By Joan Brock. 4th Grade Math. Published at Wednesday, November 18th, 2020 - 21:17:51 PM.
For years and years, I looked for her, Elizabeth from 4th grade and even with the advent of social media I could never find her. Every time Id hear a story about bullying I saw her face and then mine. When I saw the movie Flatliners, I couldnt get her out of my head for a month. I wanted so badly to apologize to this little 4th-grade girl, and I never thought Id get the chance. That is until the other day; there she was by complete accident on a friends Facebook feed. I was scared to befriend her, I wondered if she remembered me, I wondered if she hated me, I wondered if she even cared, I wondered if she had the same childhood memory I lugged around for almost half a century. I tucked fear into the back seat, and then I requested her as a friend on Facebook. In what seemed like an instant she accepted my request. My hands were trembling, and I was afraid. My hope was she didnt remember the incident or me.
There are more people searching for 4th Grade Science Fair Projects than all other grades put together. There are good reasons for this. Science projects done in the earlier grades are usually done by the teacher or Mom/Dad since their youngster is simply to young to understand science experiments and how to construct them. This all changes with science fair projects for 4th grade. This is the class level in which the student must think up and complete his or her own science experiment. Also, since 4th grade is the level when nationwide assessments tests begin, the parents pay particular attention to the science project outcome.
4th grade science project ideas are fairly easy to do and can be lots of fun for the class. Kids this age are naturally curious and full of energy so its fairly simple to come up with a fun project that can keep their attention. Theyre always asking questions, trying to further their knowledge of the world around them so think about questions they have asked you because theres a good chance lots of them can be turned into an exciting science experiment for them to try. Basically what you need for a successful science project is a question, a hypothesis and a conclusion. Some 4th grade science projects that have been done in the past include seeing how worms react to light, seeing if plants can grow when watered with liquids other than water (milk, juice, vinegar, etc) and finding out if birds have a preference to what kind of material their houses are made out of (ex. wood, plastic, etc).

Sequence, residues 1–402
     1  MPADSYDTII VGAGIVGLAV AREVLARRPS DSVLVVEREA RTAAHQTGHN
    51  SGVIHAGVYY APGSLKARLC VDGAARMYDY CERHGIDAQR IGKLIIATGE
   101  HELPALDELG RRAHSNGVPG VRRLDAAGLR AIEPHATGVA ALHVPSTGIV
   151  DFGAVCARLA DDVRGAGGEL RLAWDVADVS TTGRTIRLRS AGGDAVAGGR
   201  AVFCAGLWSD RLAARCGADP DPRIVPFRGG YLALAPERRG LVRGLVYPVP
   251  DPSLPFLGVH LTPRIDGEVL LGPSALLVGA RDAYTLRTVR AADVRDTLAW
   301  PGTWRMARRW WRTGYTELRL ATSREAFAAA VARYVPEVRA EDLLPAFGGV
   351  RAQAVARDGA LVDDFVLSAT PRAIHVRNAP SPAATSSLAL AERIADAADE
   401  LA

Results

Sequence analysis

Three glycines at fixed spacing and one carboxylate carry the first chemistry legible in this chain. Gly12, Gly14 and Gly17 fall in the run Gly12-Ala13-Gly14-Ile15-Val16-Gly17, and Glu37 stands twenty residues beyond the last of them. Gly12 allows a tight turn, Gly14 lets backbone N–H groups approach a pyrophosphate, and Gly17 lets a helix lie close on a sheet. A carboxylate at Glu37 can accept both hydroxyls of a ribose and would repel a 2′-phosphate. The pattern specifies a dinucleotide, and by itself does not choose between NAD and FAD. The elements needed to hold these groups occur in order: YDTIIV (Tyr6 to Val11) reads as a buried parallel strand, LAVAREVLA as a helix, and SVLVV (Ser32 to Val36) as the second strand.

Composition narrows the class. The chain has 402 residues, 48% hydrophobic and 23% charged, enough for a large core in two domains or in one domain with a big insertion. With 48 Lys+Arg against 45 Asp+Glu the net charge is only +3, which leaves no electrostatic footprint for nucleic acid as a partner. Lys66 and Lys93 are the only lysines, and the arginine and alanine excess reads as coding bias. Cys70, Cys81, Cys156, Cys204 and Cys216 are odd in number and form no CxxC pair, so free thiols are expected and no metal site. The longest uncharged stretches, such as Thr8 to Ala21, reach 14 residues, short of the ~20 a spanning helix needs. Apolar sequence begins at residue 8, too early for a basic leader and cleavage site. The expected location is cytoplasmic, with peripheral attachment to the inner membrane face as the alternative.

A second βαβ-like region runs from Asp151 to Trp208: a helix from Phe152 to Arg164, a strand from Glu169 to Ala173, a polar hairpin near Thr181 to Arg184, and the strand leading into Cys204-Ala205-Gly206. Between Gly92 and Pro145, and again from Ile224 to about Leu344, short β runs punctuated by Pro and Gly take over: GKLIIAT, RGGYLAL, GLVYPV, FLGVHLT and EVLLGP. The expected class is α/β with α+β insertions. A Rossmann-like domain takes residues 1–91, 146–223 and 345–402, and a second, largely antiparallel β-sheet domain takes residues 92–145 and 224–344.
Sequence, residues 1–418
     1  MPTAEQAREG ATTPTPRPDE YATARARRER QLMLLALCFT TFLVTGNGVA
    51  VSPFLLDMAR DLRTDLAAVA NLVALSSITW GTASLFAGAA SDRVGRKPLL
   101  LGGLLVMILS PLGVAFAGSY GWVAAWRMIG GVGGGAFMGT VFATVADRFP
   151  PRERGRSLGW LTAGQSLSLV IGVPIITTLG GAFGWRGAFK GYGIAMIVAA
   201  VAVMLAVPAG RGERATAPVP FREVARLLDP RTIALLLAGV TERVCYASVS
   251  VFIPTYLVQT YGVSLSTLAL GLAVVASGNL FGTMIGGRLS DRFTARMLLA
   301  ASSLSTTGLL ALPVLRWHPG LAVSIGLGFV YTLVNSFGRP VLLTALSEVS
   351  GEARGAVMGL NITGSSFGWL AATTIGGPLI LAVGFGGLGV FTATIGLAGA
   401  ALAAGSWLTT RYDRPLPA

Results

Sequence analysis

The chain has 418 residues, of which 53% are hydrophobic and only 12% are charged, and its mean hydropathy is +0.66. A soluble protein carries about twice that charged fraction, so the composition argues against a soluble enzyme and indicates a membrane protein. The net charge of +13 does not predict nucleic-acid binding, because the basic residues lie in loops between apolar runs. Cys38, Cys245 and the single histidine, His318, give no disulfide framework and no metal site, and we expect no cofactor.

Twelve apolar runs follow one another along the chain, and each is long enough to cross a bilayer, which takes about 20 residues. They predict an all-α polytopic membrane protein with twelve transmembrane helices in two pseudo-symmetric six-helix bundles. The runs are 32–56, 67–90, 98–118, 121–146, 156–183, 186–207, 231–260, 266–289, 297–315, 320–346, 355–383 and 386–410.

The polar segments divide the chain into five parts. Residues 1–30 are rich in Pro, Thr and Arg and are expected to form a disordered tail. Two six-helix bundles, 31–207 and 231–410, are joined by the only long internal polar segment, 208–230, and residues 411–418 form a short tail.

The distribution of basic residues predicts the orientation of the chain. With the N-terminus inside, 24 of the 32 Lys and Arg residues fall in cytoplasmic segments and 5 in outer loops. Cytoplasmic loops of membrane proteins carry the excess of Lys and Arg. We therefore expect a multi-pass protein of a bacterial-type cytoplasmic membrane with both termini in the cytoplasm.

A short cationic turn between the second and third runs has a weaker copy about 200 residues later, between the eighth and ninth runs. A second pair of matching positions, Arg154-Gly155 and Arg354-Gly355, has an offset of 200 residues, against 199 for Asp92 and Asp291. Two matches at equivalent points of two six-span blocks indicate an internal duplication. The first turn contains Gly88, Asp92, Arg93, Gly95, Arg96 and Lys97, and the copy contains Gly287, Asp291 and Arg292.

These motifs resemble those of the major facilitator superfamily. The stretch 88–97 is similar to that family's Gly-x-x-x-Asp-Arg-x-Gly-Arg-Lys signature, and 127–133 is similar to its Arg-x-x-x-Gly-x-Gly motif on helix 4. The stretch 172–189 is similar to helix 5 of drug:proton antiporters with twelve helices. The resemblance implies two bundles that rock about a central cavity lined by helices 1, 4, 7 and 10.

Suddenly the weaker part of me that had wanted to downplay and make excuses for her behavior had to face a very harsh reality. I was horrifyingly thrust into the truth, because theres no way to downplay a tragedy of this magnitude. My denial was instantaneously "outed." Once you see that youve been denying whats true, or in my case, pretending it "wasnt as bad" as it seemed, youre swamped with guilt. Regret, blame, disgrace, self-condemnation and failure pull up a chair and take root in your psyche, becoming your unwanted constant companions. Once youve been "outed" in such a big way, its time to admit to yourself (and others) what you did well, but also where you dropped the ball and retreated. Whether its a failed friendship, a failed relationship or marriage, or having failed as a parent, life always gives you the opportunity (yes, I said opportunity) to step out of pretense and back into reality.
As our children grow, their school situation continues to change. In addition to moving and changing schools we are also faced with in town school changes. We have found that by visiting the schools before school starts a lot of stress can be alleviated. Prior to kindergarten we not only did the whole visit with the teachers that the school asks you to do, we also walked around on a few weekends so that the school, playground and even the parking lot were really comfortable to my daughters. A few times, after school hours, we played in the playground which helped make even the playground a bit more comfortable when school began.
Can you answer that question? Keep reading and see if your answer changes. Ive had the pleasure and privilege to volunteer as a facilitator for a small group of 4th grade girls. Sponsored by the Girl Scouts, this program was created to help 4th grade girls craft a vision of their current and future potential. The curriculum covers 10 weeks of subjects ranging from healthy self-esteem and self-confidence, to anti-bullying and building positive friendships and family relationships. Its been a fascinating experience to watch these 9-year-olds interact with each other during these mature subject conversations and activities. Since I have no children, my frame of reference was clearly limited, and it is not hard to compare them to the leadership groups and individuals I coach.
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